CHA2DS2-VASc scores and Intermountain Mortality Risk Scores for the joint risk stratification of dementia among patients with atrial fibrillation

      Background

      High CHA2DS2-VASc scores in atrial fibrillation (AF) patients are generally associated with increased risks of stroke and dementia. At lower CHA2DS2-VASc scores, there remains an unquantifiable cranial injury risk, necessitating an improved risk assessment method within these lower-risk groups.

      Objective

      The purpose of this study was to determine whether sex-specific Intermountain Mortality Risk Scores (IMRS), a dynamic measures of systemic health that comprises commonly performed blood tests, can stratify dementia risk overall and among CHA2DS2-VASc score strata in AF patients.

      Methods

      Female (n = 34,083) and male (n = 39,998) AF patients with no history of dementia were studied. CHA2DS2-VASc scores were assessed at the time of AF diagnosis and were stratified into scores of 0–1, 2, and ≥3. Within each CHA2DS2-VASc score stratum, patients were further stratified by IMRS categories of low, moderate, and high. Multivariable Cox hazard regression was used to determine dementia risk.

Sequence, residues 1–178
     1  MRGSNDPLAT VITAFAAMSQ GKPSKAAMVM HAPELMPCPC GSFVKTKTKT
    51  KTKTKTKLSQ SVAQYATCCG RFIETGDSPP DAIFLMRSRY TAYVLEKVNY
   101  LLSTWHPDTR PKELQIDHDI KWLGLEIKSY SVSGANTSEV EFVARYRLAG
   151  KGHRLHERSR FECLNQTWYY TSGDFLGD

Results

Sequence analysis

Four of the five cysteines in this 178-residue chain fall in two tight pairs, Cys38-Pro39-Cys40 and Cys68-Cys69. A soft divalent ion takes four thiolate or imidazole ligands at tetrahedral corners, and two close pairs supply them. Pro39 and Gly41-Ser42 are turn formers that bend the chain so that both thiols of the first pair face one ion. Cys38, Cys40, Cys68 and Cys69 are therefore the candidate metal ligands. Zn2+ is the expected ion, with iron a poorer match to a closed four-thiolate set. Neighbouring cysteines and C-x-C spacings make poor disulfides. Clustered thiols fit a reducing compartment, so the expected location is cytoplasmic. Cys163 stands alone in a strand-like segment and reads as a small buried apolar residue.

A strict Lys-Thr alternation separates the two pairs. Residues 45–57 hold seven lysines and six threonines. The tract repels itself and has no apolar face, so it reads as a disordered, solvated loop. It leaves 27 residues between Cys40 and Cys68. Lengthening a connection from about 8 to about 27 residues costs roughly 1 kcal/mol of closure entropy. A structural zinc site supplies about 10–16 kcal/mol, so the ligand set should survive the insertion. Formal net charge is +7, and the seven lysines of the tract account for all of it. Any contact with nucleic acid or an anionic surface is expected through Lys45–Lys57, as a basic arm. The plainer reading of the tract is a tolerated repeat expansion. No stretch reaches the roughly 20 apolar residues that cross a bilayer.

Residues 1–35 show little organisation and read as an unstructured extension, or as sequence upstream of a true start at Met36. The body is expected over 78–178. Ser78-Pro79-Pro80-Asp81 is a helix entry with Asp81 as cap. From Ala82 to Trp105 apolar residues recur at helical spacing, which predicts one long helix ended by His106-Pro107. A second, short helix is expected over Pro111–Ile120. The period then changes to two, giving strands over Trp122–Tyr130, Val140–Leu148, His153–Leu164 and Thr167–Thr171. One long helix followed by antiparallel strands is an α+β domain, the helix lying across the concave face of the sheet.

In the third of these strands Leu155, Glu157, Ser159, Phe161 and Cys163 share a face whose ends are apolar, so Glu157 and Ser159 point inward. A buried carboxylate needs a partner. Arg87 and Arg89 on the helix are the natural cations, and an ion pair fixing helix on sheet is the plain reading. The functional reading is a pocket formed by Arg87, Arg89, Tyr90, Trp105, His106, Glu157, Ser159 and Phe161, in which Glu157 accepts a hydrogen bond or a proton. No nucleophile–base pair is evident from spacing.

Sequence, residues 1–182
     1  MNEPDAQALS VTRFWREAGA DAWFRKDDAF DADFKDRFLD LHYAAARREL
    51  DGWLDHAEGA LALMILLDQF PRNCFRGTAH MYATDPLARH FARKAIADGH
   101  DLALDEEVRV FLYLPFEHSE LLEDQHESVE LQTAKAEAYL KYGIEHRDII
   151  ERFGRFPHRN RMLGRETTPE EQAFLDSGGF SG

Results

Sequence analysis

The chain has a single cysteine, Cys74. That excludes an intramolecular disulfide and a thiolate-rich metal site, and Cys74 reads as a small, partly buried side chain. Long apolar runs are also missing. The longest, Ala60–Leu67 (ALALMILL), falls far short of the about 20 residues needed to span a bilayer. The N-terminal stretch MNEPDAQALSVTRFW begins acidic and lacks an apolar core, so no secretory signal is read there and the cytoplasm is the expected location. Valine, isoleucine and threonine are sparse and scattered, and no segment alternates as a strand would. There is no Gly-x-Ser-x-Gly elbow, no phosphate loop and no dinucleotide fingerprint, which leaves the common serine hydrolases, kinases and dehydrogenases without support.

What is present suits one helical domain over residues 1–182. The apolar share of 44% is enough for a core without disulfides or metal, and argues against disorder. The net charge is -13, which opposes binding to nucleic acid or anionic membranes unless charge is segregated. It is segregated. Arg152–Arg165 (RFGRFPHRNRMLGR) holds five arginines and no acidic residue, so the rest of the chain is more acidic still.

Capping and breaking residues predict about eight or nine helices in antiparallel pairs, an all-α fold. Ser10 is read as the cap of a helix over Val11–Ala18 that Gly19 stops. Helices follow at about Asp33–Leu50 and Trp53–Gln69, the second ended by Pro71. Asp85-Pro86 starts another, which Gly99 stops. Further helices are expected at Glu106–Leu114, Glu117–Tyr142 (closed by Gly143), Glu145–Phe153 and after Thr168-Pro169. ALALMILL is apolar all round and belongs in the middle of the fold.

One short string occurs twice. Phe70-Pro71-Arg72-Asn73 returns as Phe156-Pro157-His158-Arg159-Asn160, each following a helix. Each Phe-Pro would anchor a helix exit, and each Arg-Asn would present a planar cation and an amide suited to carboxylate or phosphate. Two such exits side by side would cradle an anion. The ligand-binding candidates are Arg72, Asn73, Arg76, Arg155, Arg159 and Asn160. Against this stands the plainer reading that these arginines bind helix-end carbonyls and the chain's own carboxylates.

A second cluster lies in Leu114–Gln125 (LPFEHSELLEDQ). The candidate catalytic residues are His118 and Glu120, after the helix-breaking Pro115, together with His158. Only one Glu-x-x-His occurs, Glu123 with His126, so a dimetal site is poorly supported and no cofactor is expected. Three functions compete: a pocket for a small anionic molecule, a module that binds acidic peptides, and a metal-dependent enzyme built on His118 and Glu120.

Results

      High-risk IMRS patients were generally older and had higher rates of hypertension, diabetes, heart failure, and prior stroke. Higher CHA2DS2-VASc score strata (≥3 vs ≤1: women, hazard ratio [HR] 7.77, 95% confidence interval [CI] 5.94–10.17, P < .001; men: HR 4.75, 95% CI 4.15–5.44, P < .001) and IMRS categories (high vs low: women, HR 3.09, 95% CI 2.71–3.51, P < .001; men, HR 2.70, 95% CI 2.39–3.06, P < .001) were predictive of dementia. When stratified by CHA2DS2-VASc scores, IMRS further identified risk in each stratum.

      Conclusion

      Both CHA2DS2-VASc scores and IMRS were independently associated with dementia incidence among AF patients. IMRS further stratified dementia risk among CHA2DS2-VASc score strata, particularly among those with lower CHA2DS2-VASc scores.

      Graphical abstract

      Keywords

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